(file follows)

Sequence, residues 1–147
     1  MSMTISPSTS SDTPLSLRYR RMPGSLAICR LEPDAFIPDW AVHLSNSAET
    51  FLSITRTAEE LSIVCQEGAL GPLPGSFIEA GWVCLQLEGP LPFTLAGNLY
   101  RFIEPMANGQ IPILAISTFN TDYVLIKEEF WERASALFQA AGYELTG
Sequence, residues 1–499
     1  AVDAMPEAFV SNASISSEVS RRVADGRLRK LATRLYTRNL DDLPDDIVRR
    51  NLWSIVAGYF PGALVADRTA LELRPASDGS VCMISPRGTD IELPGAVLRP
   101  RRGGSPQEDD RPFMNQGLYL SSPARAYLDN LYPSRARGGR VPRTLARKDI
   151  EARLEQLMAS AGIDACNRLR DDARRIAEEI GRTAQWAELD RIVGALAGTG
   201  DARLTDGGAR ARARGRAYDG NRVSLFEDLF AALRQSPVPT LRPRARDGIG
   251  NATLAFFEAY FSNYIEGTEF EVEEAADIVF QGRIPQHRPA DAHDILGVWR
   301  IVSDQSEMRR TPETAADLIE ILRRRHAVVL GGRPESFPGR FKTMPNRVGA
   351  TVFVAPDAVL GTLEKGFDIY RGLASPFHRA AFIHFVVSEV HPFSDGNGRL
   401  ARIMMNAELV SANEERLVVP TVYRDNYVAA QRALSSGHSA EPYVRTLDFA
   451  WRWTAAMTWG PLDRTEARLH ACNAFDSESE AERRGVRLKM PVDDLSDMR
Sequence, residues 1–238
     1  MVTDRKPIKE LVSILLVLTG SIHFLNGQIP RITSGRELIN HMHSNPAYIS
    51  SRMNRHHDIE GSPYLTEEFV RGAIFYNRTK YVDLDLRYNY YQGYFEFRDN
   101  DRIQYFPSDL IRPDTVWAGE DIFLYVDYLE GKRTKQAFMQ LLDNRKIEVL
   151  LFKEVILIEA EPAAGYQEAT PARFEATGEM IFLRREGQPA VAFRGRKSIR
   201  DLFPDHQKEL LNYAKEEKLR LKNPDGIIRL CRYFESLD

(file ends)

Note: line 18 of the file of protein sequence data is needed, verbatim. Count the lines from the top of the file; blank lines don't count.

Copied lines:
    51  SRMNRHHDIE GSPYLTEEFV RGAIFYNRTK YVDLDLRYNY YQGYFEFRDN